LinkedIn is another key communication channel. As the world’s largest (and best) B2B social network, if you can’t meet prospects in real-life, you can definitely find them on LinkedIn. If you’re going to be spending less time out and about, invest that time in finding, creating and sharing useful content, interacting with others and expanding your network. Sally Shuttleworth, our West Country Regional Director, has recently shared a few tactics that you might want to consider to increase your LinkedIn engagement.

"Take this opportunity to test out new approaches and see what works."

This may also be a good time to experiment with other means of lead generation, like PPC, Adwords or paid social ads. Take this opportunity to test out new approaches and see what works. 

However, your priority should be your existing customers - ensure that you're doing everything that you can to maintain a healthy relationship with them - even if you can't meet them. So pick up the phone and check in to see if there's anything you can do to help.

You can find lots of helpful advice on Coronavirus in the workplace from our sister company People Puzzle here.

Protect your brand and your people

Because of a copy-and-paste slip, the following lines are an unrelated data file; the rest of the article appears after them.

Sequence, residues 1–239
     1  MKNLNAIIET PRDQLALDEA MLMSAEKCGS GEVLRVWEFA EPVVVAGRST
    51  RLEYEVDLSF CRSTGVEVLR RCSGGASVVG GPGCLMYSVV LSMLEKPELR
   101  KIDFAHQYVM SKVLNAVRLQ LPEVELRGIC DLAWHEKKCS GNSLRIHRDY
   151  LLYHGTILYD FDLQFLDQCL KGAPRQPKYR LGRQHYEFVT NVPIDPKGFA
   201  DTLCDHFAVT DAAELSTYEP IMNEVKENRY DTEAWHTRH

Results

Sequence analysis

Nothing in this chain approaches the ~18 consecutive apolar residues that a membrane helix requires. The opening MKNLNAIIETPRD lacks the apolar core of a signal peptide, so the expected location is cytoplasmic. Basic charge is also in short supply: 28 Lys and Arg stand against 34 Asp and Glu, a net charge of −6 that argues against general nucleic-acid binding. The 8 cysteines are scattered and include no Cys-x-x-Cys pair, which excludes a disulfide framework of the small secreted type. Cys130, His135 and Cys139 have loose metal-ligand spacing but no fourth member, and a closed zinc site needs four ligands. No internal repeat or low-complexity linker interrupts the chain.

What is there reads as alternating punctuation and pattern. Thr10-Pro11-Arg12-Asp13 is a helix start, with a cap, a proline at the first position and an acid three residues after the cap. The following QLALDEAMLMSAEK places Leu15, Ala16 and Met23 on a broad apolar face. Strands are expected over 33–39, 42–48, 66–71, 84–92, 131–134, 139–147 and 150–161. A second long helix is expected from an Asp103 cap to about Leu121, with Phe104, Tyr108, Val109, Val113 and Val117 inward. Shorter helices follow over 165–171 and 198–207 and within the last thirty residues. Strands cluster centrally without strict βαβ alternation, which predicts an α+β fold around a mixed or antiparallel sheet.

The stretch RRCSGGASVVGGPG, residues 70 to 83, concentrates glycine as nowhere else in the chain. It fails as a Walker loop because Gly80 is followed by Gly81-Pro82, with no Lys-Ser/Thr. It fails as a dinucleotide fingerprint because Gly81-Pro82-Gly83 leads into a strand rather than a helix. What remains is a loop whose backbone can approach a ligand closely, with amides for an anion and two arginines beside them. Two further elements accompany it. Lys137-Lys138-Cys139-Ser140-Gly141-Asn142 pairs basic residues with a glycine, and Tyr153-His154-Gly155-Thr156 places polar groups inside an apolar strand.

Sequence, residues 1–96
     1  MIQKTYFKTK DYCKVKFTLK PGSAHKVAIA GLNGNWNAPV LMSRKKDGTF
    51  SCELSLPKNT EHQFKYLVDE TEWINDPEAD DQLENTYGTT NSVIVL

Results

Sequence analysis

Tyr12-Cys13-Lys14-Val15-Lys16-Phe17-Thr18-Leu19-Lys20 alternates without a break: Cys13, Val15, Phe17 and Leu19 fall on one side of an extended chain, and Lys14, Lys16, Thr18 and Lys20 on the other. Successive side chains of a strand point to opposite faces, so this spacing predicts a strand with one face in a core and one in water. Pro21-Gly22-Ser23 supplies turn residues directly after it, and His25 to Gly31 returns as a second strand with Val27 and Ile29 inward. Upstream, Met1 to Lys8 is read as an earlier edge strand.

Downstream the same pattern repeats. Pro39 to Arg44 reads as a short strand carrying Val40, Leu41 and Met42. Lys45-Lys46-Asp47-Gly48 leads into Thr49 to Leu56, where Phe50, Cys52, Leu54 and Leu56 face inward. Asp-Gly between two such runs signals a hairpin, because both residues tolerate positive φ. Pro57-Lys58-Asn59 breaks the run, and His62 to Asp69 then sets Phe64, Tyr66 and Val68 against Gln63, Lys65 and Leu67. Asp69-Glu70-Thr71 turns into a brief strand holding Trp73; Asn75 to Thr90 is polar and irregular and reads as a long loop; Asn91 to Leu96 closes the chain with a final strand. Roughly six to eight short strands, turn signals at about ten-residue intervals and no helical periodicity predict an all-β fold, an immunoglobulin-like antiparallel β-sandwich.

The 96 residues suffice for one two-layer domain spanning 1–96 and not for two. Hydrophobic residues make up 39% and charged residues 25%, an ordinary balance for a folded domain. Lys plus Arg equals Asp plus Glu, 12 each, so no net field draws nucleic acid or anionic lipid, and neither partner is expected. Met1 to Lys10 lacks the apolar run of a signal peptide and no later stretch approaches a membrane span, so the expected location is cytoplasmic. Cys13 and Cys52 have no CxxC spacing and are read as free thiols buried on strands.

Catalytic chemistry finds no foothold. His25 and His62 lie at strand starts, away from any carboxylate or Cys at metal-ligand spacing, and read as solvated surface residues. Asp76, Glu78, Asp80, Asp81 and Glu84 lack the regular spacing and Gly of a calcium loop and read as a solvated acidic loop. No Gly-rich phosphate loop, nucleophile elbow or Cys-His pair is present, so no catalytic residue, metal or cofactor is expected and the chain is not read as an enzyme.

These are uncertain times and people are going to be looking for reassurance. 

You may want to take the time to reassure your staff and your customers that your business will do everything it can to continue providing the same level of service that it always has. A level-headed, measured and practical response is the way to go.

Do some housekeeping

If things do slow down, you might find yourself with time to pick up those tasks that always get pushed to the bottom of your to-do list. 

Why not take a look at your website, review the performance of your always-on email campaigns or finally put some proper time into your social media presence? Tim Parrack, our Regional Director for South East, has published some thoughts about how to make the most of any extra time you might find you have on your hands during this extraordinary period.

If you decide you are going to use this time to review and finetune aspects of your marketing or lead generation, The Marketing Centre may be able to help. We can offer an outsider’s perspective on your marketing’s strengths and weaknesses, along with services such as remote sales calling that can help you generate leads without leaving your home.

"Good marketing can make business more resilient."

As we mentioned earlier, we believe that good marketing can make business more resilient in the face of uncertainty. By looking after your relationships and continuing to provide value for customers, leaders can minimise the effects of external events on their business. 

To learn more, download our guide, How Marketing Helps Businesses Weather Economic Uncertainty. If you’re looking for general coronavirus advice, such as your duties as an employer or how to look after employees, the FSB have plenty of great advice on their website.


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Images via AdobeStock and Pixabay